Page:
Click here to get started today!
Old & New Testament Greek Lexical Dictionary
Strong's #110 - ἀθανασία
- undying, immortality, everlasting
I immortality, Pl. Phdr. 246a, Arist. EN 1111b22, Epicur. Ephesians 3 p.60U., etc.; ὁ δὲ λιμός ἐστιν ἀθανασίας φάρμακον Antiph. 86.6.
1. elixir or antidote, ἀ. Μιθριδάτου Gal. 14.148, cf. 13.203.
2. = ἀμβροσία, Luc. DDeor. 4.5.
** ἀθανασία , -ας , ἡ
(<ἀ -θάνατος , undying; v. MM, VGT, s.v.),
[in LXX: Wisdom of Solomon 3:4; Wisdom of Solomon 4:1; Wisdom of Solomon 8:13; Wisdom of Solomon 8:17; Wisdom of Solomon 15:3, 4 Maccabees 14:5; 4 Maccabees 16:13*;]
immortality: 1 Corinthians 15:53-54, 1 Timothy 6:16 (cf. Cremer, 285 f.).†
Copyright © 1922 by G. Abbott-Smith, D.D., D.C.L.. T & T Clarke, London.
This word, which in the NT is confined to 1 Corinthians 15:53 f., 1 Timothy 6:16, occurs several times in Wisdom, but not elsewhere in the Greek OT : cf. however, Sirach 51:9 A καὶ ἀπὸ ἀθανάτου ῥύσεως ἐδεήθην, ";and to the Immortal One did I pray for deliverance,"; and see also Didache 4.8. As showing the wider connotation of the word in early times, cf. the description of Caligula in Syll 365.4 (i/A.D.) τὸ μεγαλεῖον τῆς ἀθανασίας, and the use of the formula οὐδεὶς ἀθάνατος in sepulchral epitaphs, where, as Ramsay (Luke the Physician, p. 273) has shown, the meaning is ";no one is free from death"; rather than ";no one is immortal."; Pagan examples of this usage can be cited (Ramsay, ut supra), but it is generally Christian. One interesting instance may be cited where the formula has been expanded into two lines : οὐδὶς [ἀθά ]νατος, εἰ μὴ μόνον ἷς θεὸς αὐτός, ὁ πάντων γεν [ετὴ ]ς κὲ πᾶσι τὰ πάντα μερίζων, ";no one is immortal except only the one God Himself, who is father of all and gives all things to all"; (Studies in the Eastern Roman Provinces, p. 129). Wünsch AF 5.24 (Deissmann’s ";LXX Memorial";—iii/A.D.) has τοῦ Κυρίου α [ἰ ]ω [νίου ] ἀθανάτου παντεφόπτου. Preisigke 364.15 (iii/iv A.D.), where a tomb is forbidden to be used for any παρὲξ τῶν γαμβρῶν ἀθανάτων, shows a strange sense as well as irregular grammar. As illustrating the vernacular usage, reference may be made to P Strass I. 30.6 (A.D. 276), where the epithet is applied to she-goats—αἶγας θηλείας τε [λ ]είας ἀθανάτους, in the sense of ";maintained at a constant figure"; : see the editor’s introduction, where he translates ἀ. ";von eiserner Bestand,"; and cites Herod. vii. 31, μελεδωνῷ ἀθανάτῳ ἀνδρὶ κτλ. : cf. also PSI IV. 377.5 (B.C. 250–249), P. Théad 8.6 (A.D. 306), and P Cairo Preis 41.3 (iv/A.D.)]. γείου ἀθαυα ̣[του. . . ]. ἀ ̣ρούρας. In BGU IV. 1058.25 (B.C. 13) μ ̣η ̣θὲ [ν τ ]ὸ καθόλου λαβοῦσα διὰ τὸ ἀθάνατον αὐτὴν ἐπιδεδέχθαι τροφεύενν (l. -ειν) the word appears to imply that the person providing a slave as wet-nurse undertook to carry out the contract for the two stipulated years ";apart from the death of"; the infant, whose place could be filled by another : cf. the Persian Guard, the ";Immortals,"; so called because their numbers were kept up to the same figure. Antiochus of Commagene uses the adjective as an epithet of κρίσις in his famous inscription, OGIS 383.207 (i/B.C.), meaning presumably ";unalterable"; : cf. Syll 365.7 (i/A.D.) τῆς ἀθανάτου χάριτος of Caligula. From the sixth century we may quote P Oxy I. 130.21, where a petitioner says that he will send up ὕμνους ἀθανάτους ";unceasing hymns"; to the Lord Christ for the life of the man with whom he is pleading. See also Vettius above (s.v. ἀήρ).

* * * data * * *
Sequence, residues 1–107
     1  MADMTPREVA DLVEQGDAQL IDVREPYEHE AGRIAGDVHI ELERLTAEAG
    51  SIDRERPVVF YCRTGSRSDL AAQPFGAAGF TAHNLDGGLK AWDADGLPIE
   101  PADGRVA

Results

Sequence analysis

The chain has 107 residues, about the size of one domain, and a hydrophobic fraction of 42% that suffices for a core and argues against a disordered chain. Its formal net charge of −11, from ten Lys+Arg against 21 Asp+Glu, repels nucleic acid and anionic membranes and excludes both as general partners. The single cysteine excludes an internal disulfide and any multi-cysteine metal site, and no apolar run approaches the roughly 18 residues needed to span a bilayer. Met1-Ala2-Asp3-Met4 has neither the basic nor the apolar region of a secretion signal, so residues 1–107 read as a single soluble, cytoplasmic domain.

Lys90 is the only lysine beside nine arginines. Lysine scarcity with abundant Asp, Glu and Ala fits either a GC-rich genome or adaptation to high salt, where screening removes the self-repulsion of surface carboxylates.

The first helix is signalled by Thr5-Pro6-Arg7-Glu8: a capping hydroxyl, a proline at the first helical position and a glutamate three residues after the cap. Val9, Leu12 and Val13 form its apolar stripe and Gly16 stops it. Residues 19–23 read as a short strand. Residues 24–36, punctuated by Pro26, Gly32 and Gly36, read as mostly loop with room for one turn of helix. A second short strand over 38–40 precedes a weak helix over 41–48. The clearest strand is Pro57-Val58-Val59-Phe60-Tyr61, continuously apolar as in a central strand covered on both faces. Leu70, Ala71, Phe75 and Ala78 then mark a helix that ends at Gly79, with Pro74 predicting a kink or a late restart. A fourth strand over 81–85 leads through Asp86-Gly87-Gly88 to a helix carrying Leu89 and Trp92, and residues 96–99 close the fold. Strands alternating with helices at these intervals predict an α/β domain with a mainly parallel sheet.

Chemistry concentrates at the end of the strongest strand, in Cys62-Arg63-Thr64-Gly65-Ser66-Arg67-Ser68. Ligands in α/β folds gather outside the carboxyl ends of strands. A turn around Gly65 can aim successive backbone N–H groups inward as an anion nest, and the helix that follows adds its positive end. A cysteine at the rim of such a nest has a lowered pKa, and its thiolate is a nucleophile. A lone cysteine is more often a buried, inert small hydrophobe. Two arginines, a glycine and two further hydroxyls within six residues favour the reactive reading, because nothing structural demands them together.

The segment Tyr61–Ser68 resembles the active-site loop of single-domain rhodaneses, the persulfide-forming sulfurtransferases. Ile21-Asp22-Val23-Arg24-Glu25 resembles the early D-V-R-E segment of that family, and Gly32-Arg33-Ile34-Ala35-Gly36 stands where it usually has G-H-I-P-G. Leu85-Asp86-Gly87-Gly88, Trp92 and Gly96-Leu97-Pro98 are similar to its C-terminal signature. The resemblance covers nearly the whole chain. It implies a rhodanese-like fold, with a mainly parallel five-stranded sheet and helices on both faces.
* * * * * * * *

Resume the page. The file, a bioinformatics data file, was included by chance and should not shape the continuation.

Copyright © 1914, 1929, 1930 by James Hope Moulton and George Milligan. Hodder and Stoughton, London.
Derivative Copyright © 2015 by Allan Loder.
the Week of Proper 7 / Ordinary 12